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SEA Currents

Newsletter of the NN/LM Southeastern/Atlantic Region

Inspiring People in our Region: Joyce Linnen, Georgetown County Diabetes CORE Group, Georgetown, SC

”I learn from the community as well as they learn from me.”   

Joyce Linnen
Community Health Advisor
REACH US: SEA- CEED
Project:  Georgetown County Diabetes CORE Group
http://www.georgetowncountydiabetes.com/index.html
Georgetown, South Carolina

What is your position? 

I am currently the Community Health Advisor for the REACH US: SEA-CEED (SouthEastern African American Center of Excellence in the Elimination of Disparities in Diabetes) program with the Medical University of South Carolina (MUSC) College of Nursing & the Georgetown County Diabetes CORE Group.

Is there something in your own personal story that led you to do the work you do?

Several years ago I lost my paternal grandfather due to the diabetic complications. With all the education I thought I had I never knew why he had so many issues with his eyes and circulation in this hands and feet. Later on several other problems arose from uncontrolled diabetes. One day I attended a workshop on diabetes at my church being done by the Georgetown County Diabetes CORE Group. From that 90-minute presentation, I realized what was going on with my grandfather. I was amazed because if I only knew some of what I learned that evening I probably would have been able to help my grandfather much more. After that night I decided I wanted to become a member of the Georgetown County Diabetes CORE Group and to be trained to go out to educate my community about diabetes and other health disparities from a layman’s point of view.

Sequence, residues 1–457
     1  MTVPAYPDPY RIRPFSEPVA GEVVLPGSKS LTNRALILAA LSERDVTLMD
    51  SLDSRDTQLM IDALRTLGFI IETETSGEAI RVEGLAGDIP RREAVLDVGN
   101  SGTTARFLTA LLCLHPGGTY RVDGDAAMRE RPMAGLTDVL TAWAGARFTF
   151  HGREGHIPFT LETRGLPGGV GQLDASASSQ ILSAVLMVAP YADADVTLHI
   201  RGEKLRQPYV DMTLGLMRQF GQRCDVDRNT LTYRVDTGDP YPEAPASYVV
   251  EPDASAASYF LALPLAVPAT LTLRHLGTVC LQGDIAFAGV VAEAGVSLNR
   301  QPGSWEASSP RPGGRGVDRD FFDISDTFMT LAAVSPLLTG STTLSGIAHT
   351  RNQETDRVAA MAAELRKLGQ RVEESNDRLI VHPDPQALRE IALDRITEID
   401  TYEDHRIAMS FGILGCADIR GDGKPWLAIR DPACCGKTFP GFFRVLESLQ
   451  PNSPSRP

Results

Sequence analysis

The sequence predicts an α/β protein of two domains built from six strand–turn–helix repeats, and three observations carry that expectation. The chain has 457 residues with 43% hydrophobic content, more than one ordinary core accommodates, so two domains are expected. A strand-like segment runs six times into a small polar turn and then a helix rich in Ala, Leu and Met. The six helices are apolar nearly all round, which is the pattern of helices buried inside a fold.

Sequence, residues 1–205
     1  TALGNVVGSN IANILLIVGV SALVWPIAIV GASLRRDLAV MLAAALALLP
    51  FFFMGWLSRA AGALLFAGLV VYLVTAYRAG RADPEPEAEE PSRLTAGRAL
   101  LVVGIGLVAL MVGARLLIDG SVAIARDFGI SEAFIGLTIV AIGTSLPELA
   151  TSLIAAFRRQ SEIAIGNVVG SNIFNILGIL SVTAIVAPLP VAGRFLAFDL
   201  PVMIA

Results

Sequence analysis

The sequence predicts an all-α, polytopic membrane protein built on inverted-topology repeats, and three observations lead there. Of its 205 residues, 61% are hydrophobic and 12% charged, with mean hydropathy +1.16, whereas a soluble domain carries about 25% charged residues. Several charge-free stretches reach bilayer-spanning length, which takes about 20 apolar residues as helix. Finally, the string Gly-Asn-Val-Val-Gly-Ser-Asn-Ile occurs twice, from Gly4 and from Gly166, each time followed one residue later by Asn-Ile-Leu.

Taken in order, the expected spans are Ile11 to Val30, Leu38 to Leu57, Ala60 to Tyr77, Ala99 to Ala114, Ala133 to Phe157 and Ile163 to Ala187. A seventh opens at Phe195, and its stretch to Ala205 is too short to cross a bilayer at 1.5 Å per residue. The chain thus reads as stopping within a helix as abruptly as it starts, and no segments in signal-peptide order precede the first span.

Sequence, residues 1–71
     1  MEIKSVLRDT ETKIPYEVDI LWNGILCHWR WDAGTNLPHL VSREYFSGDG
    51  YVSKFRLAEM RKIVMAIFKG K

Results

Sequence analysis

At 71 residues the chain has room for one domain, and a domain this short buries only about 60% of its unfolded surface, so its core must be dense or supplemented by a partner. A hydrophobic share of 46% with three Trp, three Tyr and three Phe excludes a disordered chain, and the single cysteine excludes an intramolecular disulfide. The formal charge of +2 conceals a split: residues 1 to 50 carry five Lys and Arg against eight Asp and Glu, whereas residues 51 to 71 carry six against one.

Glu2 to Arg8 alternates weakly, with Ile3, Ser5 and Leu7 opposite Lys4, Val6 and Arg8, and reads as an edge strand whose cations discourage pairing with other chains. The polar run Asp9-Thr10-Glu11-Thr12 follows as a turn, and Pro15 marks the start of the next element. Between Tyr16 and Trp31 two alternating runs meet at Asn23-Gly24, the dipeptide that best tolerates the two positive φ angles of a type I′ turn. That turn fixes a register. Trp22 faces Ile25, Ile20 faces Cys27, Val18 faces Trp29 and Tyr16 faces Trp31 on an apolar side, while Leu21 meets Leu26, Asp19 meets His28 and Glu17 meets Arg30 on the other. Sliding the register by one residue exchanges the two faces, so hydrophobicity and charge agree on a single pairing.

What do you love most about your outreach work? 

I love meeting people of various ethnicity and cultures and enjoy knowing that I have made a difference in someone’s life. I really enjoy the teaching and being taught as well. Sometimes I learn from the community as well as they learn from me.

What is the biggest challenge in your work?

One of my challenges is not having an adequate amount of funds that sometimes puts limits in what I would like to do for the people. Another challenge is sometimes lack of commitment on the part of the participants, which leads to non-compliance and not achieving goals due to their limited personal resources.

What has been the most fulfilling part of your work in terms of health outreach to your community’s underserved populations?  

The most fulfilling part of my work is seeing my clients accomplish their goals and learning what they need in order to live a longer and healthier life.

What do you see as the biggest health concerns in the communities you serve?

 The communities I serve are very rural areas within Georgetown County. The nearest health facility for the majority of the residents is 20- 30 miles away; therefore, it’s difficult for them to have access to a lot of health information (health education & health literacy) or services (access to care) because of lack of transportation. They are subsequently being left out of the loop and that’s why they are not controlling their diabetes, high cholesterol, hypertension, and obesity issues.